In the morning of 10 March, four rhinos were sedated in the Royal Chitwan National Park and loaded on to trucks to make a long journey across the tarai. No, this wasn't the work of poachers, but conservation officials and NGO workers beginning the annual rhino translocation programme. Established in 1986, the programme will translocate ten rhinos to Royal Bardiya National Park this week in an attempt to help control the rhino population in Chitwan and establish a viable rhino population in Bardiya.
Nepal's rhino population, which now numbers 612, is finally making a comeback after decades of habitat destruction and hunting decimated its numbers to just 100 in 1966. According to the Department of National Parks and Wildlife Conservation (DNPWC), Nepal's rhino population is now growing at an impressive 3.88 percent annually. The programme is so successful, in fact, that right now there is as much of a good thing as Chitwan can take-529 at last count two years ago. With the new arrivals in Bardiya, the rhino population there will total nearly 100, which is considered the threshold for a viable population group. The rhinos need to be translocated not just because too many of them in Chitwan would be bad news for other species, but also because conservation common sense dictates that there should be as many population pools as possible within the habitat of animal, to reduce chances of their being killed by disease or conflict with humans.
The programme works on a scale that seems to beg heavy dockyard equipment. Sedation darts are shot at individual rhinos, which are then driven by a team of 40 elephants into open grassland. Once asleep, each animal is measured and loaded onto a tractor-pulled sled with the help of three dozen labourers. From there they are transferred to an enclosed wooden pen, where they are given an antidote. Finally, the cage is loaded onto a truck and the enormous one-horned creatures begin their 15-hour trip across the tarai.
Dr Shanta Jnawali of the King Mahendra Trust for Nature Conservation (KMTNC), who coordinated this year's rhino translocation, says the long-term prospects for the species' survival are "very good", providing that conservation remains a high priority in the long term. "As long as you have the natural resource base, the rhino population will have a bright future," he added.
Nepali environmentalists and international observers say the country's rhino efforts are among the best of their kind. The programme shows that conservation efforts such as this also have economic benefits for the country, says Dr Chandra Gurung of the WWF Nepal Program, with ecotourism emerging as a major cash industry in the Chitwan area. "Conservation has been a major success for Nepal," says Dr Gurung. "The environmental work is carried out by Nepalis and the country is reaping the economic rewards."
The organisation of a programme such as this involves as much logistical manoeuvring as the actual translocation itself, and the fact that the rhinos are getting from Chitwan to Bardiya is a cause for celebration. The Nepal rhino translocation programme is considered a model of cooperation among government agencies, NGOs and international donors. This year's program, for instance, is a joint initiative of the DNPWC and KMTNC with financial support from World Wildlife Fund (WWF) and the US Fish and Wildlife Service. The DNPWC and KMTNC oversee the technical aspects of the animal translocation, while the international donors provide the $4,000 it costs to transport a single rhino from Chitwan to Bardiya.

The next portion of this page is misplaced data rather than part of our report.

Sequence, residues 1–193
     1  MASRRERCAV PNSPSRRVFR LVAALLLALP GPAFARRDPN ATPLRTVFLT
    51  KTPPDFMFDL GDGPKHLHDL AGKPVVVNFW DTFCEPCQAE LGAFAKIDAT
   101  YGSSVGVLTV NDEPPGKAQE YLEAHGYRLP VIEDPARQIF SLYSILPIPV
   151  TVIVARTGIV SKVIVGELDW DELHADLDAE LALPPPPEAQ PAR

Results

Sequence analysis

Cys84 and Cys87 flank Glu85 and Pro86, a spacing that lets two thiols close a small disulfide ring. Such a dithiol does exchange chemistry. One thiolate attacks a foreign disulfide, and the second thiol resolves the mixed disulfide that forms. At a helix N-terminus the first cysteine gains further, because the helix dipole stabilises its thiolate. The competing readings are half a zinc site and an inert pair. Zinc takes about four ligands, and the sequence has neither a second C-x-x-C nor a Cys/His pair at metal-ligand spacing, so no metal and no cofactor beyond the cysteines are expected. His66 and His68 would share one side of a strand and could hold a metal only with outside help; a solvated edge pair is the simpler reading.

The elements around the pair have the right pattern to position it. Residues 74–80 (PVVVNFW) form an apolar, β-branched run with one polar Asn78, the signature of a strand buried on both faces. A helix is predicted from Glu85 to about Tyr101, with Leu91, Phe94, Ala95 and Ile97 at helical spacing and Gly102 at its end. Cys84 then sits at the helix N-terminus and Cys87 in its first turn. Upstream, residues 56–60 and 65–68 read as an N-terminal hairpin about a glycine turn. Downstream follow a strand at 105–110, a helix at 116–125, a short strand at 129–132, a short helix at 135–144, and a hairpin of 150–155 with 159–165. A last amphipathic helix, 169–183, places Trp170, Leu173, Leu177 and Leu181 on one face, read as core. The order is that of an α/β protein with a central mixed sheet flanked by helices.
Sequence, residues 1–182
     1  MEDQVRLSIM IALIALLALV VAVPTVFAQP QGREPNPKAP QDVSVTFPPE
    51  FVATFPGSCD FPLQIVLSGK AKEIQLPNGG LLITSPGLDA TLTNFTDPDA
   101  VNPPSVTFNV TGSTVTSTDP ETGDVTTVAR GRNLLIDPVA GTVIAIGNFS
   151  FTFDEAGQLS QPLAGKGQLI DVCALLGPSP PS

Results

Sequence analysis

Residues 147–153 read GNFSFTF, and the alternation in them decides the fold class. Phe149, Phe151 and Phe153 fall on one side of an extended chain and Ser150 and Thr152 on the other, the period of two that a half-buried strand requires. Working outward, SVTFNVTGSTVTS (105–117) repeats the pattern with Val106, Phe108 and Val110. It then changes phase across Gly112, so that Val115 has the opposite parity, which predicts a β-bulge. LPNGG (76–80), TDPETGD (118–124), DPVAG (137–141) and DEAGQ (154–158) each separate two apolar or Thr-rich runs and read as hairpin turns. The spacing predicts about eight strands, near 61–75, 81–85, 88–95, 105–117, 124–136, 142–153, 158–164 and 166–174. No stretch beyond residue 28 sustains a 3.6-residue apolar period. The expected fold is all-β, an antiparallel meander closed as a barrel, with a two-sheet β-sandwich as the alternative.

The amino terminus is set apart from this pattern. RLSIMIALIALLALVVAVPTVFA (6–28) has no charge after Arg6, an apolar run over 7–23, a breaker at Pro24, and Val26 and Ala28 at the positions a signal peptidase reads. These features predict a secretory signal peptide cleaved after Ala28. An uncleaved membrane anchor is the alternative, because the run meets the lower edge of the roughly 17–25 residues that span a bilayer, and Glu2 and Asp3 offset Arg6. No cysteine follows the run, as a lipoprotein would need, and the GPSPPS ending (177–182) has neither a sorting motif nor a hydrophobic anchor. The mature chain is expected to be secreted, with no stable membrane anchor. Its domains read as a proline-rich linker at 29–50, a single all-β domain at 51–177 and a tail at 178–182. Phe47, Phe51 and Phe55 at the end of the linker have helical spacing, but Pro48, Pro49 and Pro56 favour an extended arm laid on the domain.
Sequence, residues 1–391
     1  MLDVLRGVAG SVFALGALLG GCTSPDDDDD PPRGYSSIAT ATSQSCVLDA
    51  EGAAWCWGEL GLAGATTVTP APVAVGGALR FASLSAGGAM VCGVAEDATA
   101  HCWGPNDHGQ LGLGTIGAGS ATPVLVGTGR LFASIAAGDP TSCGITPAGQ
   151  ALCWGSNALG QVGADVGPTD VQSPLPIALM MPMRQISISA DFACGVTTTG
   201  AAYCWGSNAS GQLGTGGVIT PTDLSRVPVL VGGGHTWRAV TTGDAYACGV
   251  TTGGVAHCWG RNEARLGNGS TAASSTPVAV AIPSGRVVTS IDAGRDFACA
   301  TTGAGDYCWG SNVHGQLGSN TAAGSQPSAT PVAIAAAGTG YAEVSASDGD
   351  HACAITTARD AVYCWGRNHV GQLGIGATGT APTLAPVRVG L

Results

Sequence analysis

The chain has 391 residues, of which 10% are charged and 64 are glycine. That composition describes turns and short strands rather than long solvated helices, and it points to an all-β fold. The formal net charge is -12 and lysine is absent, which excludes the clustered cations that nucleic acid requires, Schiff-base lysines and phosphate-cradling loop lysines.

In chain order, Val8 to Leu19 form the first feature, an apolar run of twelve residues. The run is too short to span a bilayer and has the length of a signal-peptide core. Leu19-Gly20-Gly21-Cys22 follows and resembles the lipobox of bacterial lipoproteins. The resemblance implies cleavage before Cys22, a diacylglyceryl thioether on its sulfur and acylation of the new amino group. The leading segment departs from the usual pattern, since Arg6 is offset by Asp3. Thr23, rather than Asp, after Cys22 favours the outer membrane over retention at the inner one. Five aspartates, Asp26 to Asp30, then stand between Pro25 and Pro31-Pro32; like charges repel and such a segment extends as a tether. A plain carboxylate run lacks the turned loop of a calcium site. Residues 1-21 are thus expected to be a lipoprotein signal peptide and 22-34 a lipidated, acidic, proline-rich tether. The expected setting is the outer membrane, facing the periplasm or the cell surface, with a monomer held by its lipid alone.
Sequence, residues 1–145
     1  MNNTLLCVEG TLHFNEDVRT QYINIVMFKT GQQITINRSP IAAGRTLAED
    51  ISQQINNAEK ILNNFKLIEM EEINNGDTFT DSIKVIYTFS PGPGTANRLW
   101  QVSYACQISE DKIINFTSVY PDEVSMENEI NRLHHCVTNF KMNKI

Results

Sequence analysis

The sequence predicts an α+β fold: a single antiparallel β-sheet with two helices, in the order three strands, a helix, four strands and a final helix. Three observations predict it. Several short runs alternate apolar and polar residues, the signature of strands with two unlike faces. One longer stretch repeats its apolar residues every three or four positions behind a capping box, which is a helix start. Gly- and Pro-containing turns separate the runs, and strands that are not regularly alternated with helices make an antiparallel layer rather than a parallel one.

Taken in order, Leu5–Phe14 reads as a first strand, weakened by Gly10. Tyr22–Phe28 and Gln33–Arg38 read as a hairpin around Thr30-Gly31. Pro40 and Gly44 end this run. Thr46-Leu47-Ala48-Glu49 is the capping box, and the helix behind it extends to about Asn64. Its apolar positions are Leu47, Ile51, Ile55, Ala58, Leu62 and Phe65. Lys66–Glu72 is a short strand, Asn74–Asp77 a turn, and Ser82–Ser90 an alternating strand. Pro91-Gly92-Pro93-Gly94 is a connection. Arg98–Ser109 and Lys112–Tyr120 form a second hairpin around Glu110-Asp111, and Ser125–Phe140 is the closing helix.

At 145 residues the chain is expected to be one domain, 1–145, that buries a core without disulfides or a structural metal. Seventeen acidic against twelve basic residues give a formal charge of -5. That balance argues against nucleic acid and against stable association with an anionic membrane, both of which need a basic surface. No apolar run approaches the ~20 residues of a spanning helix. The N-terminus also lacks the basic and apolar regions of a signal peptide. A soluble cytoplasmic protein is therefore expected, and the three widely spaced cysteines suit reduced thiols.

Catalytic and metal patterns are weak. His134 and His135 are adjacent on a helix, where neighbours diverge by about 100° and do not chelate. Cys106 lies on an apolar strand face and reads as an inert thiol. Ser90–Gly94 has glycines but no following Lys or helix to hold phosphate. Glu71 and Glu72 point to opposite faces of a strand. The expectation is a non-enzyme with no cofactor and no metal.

Although Nepal's estimated rhino population stood at 800 in 1950, sixteen years later that number was down to about 100, and there were serious doubts about how much longer the rhino would be around in Nepal. The widespread poaching that existed throughout South Asia before World War II-in 1938, for example, a hunting expedition in Nepal killed 38 rhinos - threatened rhinos as well as other species. Meanwhile, the natural habitat of the rhino, which at one time was found in the stretch of land from the Hindu Kush to the mountains of Burma, was also being encroached upon due to hastening economic development, and in Nepal in the 1950s, the eradication of malaria, which caused the plains population to boom.
It became obvious fairly soon that something had to be done, and in 1957 Nepal passed its first rhino protection law. By 1973, the government was worried enough about the threat to Nepal's wildlife to create the country's first national park in Chitwan and pass stiff anti-poaching laws. Today more than 18 percent of the country's land is under state protection. Anti-poaching efforts have also helped to protect the country's rhino population-there have been 137 poaching arrests since the mid-1990s. Unfortunately, after the emergency was declared last November, the army troops that patrol the Chitwan National Park have reduced their strength there to seven posts. (See also "Nepal's national parks are endangered," # 77.) But, says Dr Gurung, "So far, even the Maoist problem hasn't affected our ability to work with animals or bring tourists into the park."
Now that the rhinos are back on track, conservation officials and activists are also looking into other conservation programs that could help rhinos and other threatened species to thrive in larger areas. Meingma Narbu Sherpa, a director of Endangered Species for WWF-US, says that more work needs to be done to protect natural habitats that straddle international boundaries. The WWF is working to develop a biological corridor between Assam and Bhutan, and proposals have been made to create the "Tarai Arc" encompassing 50,000 square kilometres in Nepal and northern India. As animal populations reach capacity in enclosed areas, argues Sherpa, that it is important to open up larger areas of land so they can spread out. "We feel that success in Nepal isn't enough."